Nuclear calcium blockade induces human T cell unresponsiveness
T cells exposed to CD3 antibodies acquire a state of anergy that is characterized by a lack of IL-2 synthesis upon subsequent stimulation using a combination of CD3 and CD28 antibodies (Heissmeyer et al., 2004). We next investigated whether the blockade of nuclear calcium signaling induces a comparable hyporesponsive state. We found that the efficacy of the classic anergy-inducing protocol (i.e., exposure to CD3 antibodies) to block the induction of IL-2 expression upon stimulation with CD3 and CD28 antibodies is very similar to that obtained with CaMBP4.GFP expression (Fig. 6). These findings indicate that treatment with CD3 antibodies and blockade of nuclear calcium signaling were equally effective in shifting human T cells toward a hyporesponsive, anergy-like state.
In this study, we have investigated the role of spatially distinct calcium signals in the control of transcriptional responses associated with the human T cell immune response. The use of compartment-specific calcium sensors revealed that the T cell calcium signal induced by antigen challenge is a composite signal consisting of a cytosolic and a nuclear component that serve different functions in the immune response. The role of cytosolic calcium is to trigger the translocation of NFATs to the nucleus, whereas the generation of nuclear calcium transients is critical for the activation of CREB and the induction of NFAT/AP1-dependent genomic responses. A schematic illustration of the distinct roles of cytosolic and nuclear calcium signals in T cell activation is shown in Fig. 7. The identification of nuclear calcium as a key signal for T cell activation fits well into an emerging concept that places nuclear calcium signaling at the center of adaptive responses induced by stimuli from the environment. In the nervous system, nuclear calcium functions as an evolutionarily conserved signaling end point in synapse-to-nucleus communication that promotes gene expression programs needed for the long-term implementation of several different forms of adaptations including memory, acquired neuroprotection, and chronic pain (Limbäck-Stokin et al., 2004; Papadia et al., 2005; Zhang et al., 2009; Bading, 2013; Simonetti et al., 2013; Weislogel et al., 2013). In the heart, nuclear calcium signaling is involved in the development of hypertrophy (Higazi et al., 2009), and outside the animal kingdom, nuclear calcium regulates symbiotic gene programs in plants (Oldroyd and Downie, 2006).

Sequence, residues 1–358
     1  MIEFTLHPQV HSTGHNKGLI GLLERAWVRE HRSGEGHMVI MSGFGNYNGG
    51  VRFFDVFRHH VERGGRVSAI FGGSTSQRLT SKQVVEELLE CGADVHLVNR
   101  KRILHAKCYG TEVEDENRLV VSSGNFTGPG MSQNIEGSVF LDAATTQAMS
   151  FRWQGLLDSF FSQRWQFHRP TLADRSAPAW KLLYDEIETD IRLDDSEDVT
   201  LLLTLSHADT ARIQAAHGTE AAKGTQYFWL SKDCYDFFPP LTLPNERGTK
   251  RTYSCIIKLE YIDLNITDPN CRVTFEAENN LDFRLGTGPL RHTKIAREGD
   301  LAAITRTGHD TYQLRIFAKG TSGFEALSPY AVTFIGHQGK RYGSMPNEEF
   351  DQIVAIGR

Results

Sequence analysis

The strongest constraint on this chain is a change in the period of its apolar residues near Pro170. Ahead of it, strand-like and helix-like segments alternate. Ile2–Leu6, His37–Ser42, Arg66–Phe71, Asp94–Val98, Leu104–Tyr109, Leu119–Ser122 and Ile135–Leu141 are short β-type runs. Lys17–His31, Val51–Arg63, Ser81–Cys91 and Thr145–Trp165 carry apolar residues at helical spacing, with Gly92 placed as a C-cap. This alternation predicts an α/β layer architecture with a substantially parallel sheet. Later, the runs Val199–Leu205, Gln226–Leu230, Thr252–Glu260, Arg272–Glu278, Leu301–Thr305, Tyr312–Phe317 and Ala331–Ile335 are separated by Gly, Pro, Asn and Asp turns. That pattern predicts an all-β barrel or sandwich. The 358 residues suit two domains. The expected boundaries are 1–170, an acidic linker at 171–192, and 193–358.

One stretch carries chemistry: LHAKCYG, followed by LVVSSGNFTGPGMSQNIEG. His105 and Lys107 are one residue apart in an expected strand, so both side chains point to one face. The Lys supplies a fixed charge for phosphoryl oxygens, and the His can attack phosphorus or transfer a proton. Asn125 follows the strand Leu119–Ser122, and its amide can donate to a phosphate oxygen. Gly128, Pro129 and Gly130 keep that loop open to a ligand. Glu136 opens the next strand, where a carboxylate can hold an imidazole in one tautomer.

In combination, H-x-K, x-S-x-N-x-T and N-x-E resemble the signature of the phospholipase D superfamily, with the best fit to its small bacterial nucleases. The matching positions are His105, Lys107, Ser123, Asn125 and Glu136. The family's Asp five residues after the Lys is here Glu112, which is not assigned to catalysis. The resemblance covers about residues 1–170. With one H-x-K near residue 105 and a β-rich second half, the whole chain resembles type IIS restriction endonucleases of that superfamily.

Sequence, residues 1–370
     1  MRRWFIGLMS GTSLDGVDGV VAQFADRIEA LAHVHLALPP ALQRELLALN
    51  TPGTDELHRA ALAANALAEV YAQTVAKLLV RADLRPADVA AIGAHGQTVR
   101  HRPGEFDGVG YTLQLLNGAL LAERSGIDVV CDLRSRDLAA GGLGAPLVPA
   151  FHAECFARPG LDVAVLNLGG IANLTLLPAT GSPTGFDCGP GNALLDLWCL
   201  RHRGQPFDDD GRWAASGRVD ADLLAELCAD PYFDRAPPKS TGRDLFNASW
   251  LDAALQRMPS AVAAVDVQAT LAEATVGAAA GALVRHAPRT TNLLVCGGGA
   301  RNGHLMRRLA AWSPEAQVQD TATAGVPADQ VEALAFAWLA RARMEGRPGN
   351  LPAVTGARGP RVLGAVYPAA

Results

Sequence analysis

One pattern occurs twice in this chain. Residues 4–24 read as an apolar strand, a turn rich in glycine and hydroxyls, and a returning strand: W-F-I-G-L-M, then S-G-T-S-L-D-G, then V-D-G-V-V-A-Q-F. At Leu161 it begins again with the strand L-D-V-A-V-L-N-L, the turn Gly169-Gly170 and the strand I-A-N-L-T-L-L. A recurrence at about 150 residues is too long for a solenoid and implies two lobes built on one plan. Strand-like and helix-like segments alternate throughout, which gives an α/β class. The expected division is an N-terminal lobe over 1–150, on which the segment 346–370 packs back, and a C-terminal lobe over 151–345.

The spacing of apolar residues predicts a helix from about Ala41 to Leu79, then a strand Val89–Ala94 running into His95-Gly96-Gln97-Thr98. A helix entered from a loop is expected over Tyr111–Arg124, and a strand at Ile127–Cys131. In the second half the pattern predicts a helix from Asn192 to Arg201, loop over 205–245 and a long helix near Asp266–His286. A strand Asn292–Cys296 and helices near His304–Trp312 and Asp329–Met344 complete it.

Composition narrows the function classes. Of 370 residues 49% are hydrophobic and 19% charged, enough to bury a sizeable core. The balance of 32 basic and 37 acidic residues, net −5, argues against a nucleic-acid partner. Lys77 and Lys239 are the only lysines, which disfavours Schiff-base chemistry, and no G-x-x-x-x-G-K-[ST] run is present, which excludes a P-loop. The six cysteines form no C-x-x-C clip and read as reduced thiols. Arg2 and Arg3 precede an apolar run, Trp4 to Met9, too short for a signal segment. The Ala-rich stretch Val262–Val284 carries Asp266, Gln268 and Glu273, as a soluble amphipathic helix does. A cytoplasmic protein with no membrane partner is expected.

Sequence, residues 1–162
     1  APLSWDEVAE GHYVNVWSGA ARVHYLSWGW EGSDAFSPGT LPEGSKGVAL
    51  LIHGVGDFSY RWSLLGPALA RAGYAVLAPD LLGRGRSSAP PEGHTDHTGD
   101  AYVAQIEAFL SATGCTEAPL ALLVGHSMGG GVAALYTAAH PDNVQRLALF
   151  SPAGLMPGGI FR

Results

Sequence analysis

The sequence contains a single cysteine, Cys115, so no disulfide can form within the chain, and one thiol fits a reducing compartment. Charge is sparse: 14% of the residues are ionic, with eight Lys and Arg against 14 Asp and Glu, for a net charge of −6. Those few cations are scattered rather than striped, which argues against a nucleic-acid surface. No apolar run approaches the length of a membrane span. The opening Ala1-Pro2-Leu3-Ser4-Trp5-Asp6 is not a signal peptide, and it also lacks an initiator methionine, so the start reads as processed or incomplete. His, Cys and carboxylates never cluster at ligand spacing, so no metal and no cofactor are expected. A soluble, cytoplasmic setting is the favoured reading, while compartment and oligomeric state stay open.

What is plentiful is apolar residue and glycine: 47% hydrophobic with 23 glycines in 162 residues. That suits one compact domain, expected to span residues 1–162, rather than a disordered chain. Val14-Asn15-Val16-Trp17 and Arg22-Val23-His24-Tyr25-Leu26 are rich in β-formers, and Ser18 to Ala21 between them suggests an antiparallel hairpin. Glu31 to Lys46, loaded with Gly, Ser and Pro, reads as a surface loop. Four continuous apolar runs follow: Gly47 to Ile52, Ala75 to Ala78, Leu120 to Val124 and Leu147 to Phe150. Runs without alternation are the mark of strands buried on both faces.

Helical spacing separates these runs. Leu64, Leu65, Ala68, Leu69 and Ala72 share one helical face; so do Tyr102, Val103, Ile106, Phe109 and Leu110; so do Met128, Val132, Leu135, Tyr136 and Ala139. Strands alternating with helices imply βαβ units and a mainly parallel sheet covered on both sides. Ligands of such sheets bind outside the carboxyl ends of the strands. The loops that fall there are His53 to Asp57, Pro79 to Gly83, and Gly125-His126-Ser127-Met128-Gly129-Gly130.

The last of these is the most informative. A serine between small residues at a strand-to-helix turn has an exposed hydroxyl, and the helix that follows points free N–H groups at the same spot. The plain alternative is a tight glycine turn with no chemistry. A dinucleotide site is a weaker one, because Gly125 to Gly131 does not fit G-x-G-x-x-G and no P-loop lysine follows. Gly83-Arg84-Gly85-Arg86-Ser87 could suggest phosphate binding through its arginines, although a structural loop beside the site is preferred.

Our study revealed that inhibition of calcium signaling in the cell nucleus shifts the T cell immune response from activation toward a hyporesponsive state characterized by a gene expression profile similar to that of anergic T cells. This observation has far-reaching clinical implications, as it identifies a novel signal in the T cell fate decision process that provides an unexpected new path for modulating the genomic responses underlying immune reactions. A means of preventing a proliferative T cell response that at the same time redirects the immune reaction toward tolerance may improve the acceptance of foreign cells and tissue after transplantations. Attempts to selectively block T cell costimulation through targeting CD40L or CD28 have been considered one possible therapeutic route to prevent allograft rejection but spare the side effects of a generalized immune suppression (Larsen et al., 1996; Laskowski et al., 2002; Sho et al., 2002; Vincenti et al., 2010; Zhang et al., 2011b). The results of our study suggest a novel strategy to accomplish “pro-tolerance immunosuppression,” in which blockade of nuclear calcium signaling may enable foreign cells to be recognized as self. So far, drugs that block nuclear calcium signaling have not been developed. However, the approach used in this study bears the potential for clinical application. Targeting T cells in humans with viral vectors carrying expression cassettes for CaMBP4 may represent a feasible route for establishing pro-tolerance immunosuppression.
Our findings also provide a conceptual framework for developing novel immune-enhancement treatments. Increasing the duration and/or amplitude of nuclear calcium signals is likely to enhance the transcriptional responses associated with T cell activation. In healthy individuals, this may result in a superinduction of cytokine and cytokine receptor expression and more robust immune responses. In conditions of immunodeficiency, augmenting nuclear calcium signaling may help restore functionality. The development of drugs that target the nuclear calcium clearance machinery and thus prolong stimulus-induced nuclear calcium transients represents one possible strategy in the design of novel treatments to boost T cell function.